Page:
Sions minimax theorem (wiki, paper) can be stated as follows:

Let $X$ be a compact convex subset of a linear topological space and $Y$ a convex subset of a linear topological space. Let $f$ be a real-valued function on $X \times Y$ such that

$1.$ $f(x, \cdot)$ is upper semicontinuous and quasi-concave on $Y$ for each $x \in X$.

$2.$ $f( \cdot, y)$is lower semicontinuous and quasi-convex on $X$ for each $y \in Y$.

Then: $$\min_{x \in X}\sup_{y \in Y}f(x,y) = \sup_{y \in Y}\min_{x \in X}f(x,y)$$

The result of Sion's minimax theorem can be restated as

$$\min_{h_l \in X}\sup_{h_k \in Y}f(h_l,h_k) = \sup_{h_k \in Y}\min_{h_l \in X}f(h_l,h_k)$$

where $h_l$ and $h_k$ are continuous functions on $X$ and $Y$, respectively, and $f$, is then a functional.


$$ h_l^\kappa(x) = \begin{cases} 0, &{l}(x)<\rho \\ \kappa(x), & {l}(x)=\rho\\ 1, & {l}(x)> \rho \end{cases} $$

where $l$ is a positive continuous function on a closed interval of real numbers $I$, $\kappa\in [0,1]$ is an increasing function on an interval $A=\{x:l(x)=\rho\}$, $\lambda(A)>0$, where $\lambda$ is the Lebesgue measure, and $\min_x l(x)<\rho<\max_x l(x)$ is a positive number.

Let $$X=\{h_l^\kappa:\forall l,\forall \kappa\}$$

$Q_1:$ Do we need $X$ to be a compact space w.r.t. say supremum norm such that Sion's theorem holds? If yes what is a counterexample sucht that $X$ is not compact and Sion's minimax theorem fails?

My work on this problem is based on the Arzelà–Ascoli's theorem:

$1.$ It is true that $|h_l^k(x)|\leq M=1$ for all $x$ and $l$, which implies uniform boundedness

$2.$ But $\kappa$ can be chosen arbitrarily on $A$ as long as it is increasing. This means one can choose a sequence of $\kappa_n$ on $A$ such that $\kappa_n$, $n=1,2..$ is not an equicontinuous family. Therefore, $X$ is not compact.

When I look back at Sion's theorem, It seems that I need the compactness argument such that the minimum exists. Namely, there must be an $h_l^k\in X$, which minimizes $f$. If the domain of $h_l^k$ would be $\mathbb{R}$, It would be easy to take a sequence of functions $h_{l_n}^k$, $n=1,2..$ each belonging to $X$ and the minimizing $h_l^k$ could be obtained for $\lim_{n\to\infty}h_{l_n}^k$, clearly implying that Sion's theorem would fail due to lack of compactness. But the domain is given as a closed interval; $I\subset \mathbb{R}$ and I have difficulties to understand why I must expect that for $I$, Sion's minimax theorem can fail? All functions are on $I$ and all are bounded by $1$ and at least one of them will be a minimizer and I can determine it.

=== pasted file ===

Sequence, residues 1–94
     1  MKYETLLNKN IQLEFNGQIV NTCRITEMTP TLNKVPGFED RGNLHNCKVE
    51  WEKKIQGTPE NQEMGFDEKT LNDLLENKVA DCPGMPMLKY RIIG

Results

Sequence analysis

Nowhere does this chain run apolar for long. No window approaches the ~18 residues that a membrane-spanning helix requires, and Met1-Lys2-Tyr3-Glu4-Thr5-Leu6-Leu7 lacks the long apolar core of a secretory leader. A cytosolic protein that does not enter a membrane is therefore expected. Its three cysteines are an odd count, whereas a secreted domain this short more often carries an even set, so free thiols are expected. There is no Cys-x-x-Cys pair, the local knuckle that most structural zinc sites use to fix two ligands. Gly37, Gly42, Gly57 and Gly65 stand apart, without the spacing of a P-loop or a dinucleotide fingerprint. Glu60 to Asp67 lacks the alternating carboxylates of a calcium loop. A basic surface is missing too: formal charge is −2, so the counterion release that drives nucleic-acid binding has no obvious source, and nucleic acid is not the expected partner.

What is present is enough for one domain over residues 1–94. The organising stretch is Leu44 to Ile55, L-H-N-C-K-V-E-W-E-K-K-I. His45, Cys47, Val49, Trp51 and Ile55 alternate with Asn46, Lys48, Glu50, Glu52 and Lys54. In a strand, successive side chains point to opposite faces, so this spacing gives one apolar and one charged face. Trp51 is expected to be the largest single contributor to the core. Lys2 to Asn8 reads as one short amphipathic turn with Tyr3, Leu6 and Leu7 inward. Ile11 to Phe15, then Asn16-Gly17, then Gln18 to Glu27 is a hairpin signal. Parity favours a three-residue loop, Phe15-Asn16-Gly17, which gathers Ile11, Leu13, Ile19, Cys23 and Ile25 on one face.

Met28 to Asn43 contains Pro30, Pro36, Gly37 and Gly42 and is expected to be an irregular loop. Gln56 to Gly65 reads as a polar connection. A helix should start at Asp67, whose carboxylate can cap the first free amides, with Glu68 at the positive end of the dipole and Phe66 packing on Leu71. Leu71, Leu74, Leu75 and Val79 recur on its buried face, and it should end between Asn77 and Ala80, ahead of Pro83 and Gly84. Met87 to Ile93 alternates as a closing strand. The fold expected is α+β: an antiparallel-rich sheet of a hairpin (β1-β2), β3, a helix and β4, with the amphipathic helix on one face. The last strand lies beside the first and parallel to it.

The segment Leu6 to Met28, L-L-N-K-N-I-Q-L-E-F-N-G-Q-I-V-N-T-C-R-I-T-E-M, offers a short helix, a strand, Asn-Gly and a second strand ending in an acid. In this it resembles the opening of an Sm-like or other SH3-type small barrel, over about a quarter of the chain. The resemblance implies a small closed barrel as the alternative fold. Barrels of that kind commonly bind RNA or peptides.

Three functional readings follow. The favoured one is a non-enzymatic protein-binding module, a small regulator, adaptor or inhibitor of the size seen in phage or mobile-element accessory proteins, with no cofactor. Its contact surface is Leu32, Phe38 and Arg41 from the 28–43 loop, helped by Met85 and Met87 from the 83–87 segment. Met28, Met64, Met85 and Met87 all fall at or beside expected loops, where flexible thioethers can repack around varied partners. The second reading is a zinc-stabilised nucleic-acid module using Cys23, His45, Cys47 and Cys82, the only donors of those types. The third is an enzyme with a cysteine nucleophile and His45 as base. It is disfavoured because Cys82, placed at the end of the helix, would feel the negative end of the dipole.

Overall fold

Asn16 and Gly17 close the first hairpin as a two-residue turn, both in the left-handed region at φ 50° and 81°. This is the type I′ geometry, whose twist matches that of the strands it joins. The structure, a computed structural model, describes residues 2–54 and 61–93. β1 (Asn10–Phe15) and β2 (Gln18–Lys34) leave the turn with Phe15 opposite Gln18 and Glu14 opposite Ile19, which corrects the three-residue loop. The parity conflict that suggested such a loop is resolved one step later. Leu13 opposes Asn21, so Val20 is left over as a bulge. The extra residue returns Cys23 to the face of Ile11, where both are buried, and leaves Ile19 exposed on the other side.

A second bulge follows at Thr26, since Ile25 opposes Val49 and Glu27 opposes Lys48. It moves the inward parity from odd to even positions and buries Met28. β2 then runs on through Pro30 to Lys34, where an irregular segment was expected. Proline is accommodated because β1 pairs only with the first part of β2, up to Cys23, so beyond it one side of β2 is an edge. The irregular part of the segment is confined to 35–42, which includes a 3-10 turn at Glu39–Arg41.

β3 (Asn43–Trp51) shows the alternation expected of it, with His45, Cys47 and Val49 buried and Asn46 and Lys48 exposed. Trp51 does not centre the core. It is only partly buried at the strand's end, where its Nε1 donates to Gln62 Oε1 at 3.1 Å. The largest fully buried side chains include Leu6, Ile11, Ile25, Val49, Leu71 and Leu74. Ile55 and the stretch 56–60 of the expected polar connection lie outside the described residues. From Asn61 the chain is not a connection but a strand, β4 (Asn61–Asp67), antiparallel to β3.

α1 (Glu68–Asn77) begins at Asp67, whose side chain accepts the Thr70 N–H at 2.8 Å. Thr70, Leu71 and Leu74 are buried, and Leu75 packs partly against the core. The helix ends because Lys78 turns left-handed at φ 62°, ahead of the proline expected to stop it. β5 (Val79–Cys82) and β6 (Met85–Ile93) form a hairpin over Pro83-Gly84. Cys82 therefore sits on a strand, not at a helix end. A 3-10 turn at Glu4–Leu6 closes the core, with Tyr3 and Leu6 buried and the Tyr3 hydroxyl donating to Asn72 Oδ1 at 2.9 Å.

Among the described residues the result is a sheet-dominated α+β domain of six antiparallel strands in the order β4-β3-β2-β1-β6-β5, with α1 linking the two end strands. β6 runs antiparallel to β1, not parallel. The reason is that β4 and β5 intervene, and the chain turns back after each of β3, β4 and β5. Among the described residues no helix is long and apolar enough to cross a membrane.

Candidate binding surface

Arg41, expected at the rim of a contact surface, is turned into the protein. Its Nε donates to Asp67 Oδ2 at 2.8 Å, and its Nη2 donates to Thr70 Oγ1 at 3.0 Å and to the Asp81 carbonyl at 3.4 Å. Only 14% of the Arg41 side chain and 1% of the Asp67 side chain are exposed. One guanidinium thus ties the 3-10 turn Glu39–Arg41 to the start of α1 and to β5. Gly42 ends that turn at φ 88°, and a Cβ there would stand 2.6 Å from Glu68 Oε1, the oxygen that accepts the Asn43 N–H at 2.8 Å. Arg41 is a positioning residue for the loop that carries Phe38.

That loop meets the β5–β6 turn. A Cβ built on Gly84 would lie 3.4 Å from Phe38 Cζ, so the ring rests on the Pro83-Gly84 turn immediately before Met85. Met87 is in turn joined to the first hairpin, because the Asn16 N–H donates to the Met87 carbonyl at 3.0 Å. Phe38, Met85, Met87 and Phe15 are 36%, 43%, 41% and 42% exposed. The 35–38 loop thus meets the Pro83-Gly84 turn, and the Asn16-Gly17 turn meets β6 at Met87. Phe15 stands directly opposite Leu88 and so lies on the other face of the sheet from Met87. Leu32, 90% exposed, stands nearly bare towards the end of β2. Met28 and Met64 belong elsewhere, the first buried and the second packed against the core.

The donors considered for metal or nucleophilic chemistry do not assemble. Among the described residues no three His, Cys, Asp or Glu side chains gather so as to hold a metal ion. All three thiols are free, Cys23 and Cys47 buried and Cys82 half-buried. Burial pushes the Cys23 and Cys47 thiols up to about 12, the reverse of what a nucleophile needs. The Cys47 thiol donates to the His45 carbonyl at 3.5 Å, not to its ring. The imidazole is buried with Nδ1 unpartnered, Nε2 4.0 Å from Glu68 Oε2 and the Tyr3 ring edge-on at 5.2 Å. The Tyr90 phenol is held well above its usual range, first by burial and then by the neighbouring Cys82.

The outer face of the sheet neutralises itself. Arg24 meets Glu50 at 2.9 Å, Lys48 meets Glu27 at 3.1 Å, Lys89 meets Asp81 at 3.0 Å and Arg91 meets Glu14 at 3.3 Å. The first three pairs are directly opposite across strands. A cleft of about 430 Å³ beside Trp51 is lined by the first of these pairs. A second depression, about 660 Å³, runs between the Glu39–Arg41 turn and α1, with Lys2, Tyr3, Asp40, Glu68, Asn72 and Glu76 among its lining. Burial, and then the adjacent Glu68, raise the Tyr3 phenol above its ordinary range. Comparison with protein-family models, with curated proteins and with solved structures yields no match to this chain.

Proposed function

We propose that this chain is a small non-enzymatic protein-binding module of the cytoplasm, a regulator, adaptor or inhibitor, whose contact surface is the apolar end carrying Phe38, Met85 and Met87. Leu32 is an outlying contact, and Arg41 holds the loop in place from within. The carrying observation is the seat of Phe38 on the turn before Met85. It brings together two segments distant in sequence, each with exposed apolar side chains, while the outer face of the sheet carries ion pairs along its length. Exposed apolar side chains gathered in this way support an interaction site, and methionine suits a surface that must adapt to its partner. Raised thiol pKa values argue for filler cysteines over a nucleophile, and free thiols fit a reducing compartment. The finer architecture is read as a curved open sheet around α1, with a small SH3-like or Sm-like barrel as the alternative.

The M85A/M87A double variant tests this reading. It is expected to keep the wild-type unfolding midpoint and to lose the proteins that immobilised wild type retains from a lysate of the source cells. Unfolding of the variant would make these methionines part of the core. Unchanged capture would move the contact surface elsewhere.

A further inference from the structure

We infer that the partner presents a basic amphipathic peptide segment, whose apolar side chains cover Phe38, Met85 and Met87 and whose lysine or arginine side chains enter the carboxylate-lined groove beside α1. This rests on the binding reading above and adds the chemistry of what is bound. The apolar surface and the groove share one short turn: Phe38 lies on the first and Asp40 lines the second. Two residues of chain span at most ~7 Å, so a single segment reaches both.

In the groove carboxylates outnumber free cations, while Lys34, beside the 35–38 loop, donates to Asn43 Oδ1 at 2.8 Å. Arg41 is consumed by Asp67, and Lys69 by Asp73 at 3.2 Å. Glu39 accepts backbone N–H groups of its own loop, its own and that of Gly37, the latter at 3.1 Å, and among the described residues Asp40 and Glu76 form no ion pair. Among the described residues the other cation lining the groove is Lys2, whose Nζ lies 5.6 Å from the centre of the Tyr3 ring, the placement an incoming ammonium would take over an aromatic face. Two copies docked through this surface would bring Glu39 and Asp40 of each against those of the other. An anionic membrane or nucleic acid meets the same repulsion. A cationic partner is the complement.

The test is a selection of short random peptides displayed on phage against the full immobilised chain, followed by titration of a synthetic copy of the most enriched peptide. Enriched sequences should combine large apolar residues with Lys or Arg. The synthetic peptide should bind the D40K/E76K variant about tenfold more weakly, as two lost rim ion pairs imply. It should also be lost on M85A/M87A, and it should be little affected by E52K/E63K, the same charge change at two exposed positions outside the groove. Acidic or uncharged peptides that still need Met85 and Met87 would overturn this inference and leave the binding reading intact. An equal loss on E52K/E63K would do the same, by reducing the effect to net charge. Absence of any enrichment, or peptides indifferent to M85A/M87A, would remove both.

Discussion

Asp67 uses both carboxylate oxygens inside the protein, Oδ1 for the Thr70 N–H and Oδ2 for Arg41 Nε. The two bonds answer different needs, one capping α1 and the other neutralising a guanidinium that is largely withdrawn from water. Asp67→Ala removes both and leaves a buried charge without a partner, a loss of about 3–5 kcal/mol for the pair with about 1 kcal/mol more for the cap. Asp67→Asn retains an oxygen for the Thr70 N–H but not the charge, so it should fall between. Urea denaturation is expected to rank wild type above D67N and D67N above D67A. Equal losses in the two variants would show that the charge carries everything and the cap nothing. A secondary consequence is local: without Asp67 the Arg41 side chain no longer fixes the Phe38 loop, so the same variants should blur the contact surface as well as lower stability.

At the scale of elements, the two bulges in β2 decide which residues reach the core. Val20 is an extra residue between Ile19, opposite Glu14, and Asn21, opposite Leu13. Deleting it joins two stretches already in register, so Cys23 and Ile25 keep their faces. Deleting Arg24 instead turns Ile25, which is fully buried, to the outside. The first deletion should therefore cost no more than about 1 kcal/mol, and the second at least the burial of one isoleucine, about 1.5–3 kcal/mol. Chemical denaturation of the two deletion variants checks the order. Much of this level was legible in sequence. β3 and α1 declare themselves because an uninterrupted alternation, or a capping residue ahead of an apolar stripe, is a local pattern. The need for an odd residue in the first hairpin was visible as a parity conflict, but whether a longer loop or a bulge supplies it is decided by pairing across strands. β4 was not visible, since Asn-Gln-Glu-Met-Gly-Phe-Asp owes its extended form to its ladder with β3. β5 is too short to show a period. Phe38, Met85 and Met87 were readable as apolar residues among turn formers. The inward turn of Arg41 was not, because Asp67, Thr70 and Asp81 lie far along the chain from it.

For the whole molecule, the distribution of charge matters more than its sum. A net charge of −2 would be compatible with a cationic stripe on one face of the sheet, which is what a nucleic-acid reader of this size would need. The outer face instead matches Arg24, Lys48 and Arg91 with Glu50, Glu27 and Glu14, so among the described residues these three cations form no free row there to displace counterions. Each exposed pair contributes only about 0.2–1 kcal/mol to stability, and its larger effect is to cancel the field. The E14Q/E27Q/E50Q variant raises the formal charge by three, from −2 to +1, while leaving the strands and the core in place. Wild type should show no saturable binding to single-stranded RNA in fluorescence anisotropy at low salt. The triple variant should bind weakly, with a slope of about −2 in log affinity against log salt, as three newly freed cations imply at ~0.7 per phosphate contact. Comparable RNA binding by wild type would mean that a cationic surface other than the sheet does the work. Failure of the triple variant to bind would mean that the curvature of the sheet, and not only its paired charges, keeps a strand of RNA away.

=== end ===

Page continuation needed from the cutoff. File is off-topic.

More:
Thanks for reading and for any help.

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    $\begingroup$ If you want minmax theorem to hold for noncompact case $X$ and $Y$ you need an extra assumption on $f(x,y)$, say the following one: there exists $(x_{0}, y_{0})\in X\times Y$ such that $\lim_{|x|\to ]\infty}f(x,y_{0})=-\infty$ and $\lim_{|y|\to \infty} f(x_{0},y)=+\infty$. See Proposition 2.2, page 173 in I. Ekelan, R. Temam, Convex analysis and variational problems, North-Holland publishing Company, Amsterdam, 1979. There are also weaker assumptions: for example "sup-inf compactness at some $(x_{0},y_{0})$"... $\endgroup$ – Paata Ivanishvili Jul 14 '17 at 16:24
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    $\begingroup$ Ekeland -- missing d at the end $\endgroup$ – Aryeh Kontorovich Jul 15 '17 at 18:27

Here is a counterexample where neither $X$ nor $Y$ are compact. Consider $f(x,y)=y/(x+y)$ on $X\times Y$, where $X=Y=[1,\infty)$. Then $$ 1=\inf_x\sup_y f(x,y)>\sup_y\inf_x f(x,y)=0.$$

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    $\begingroup$ or $f(x,y)=x+y$ on $\mathbb{R}\times \mathbb{R}$. $\endgroup$ – Paata Ivanishvili Jul 14 '17 at 16:40
  • $\begingroup$ Even better -- and simpler! $\endgroup$ – Aryeh Kontorovich Jul 15 '17 at 18:27

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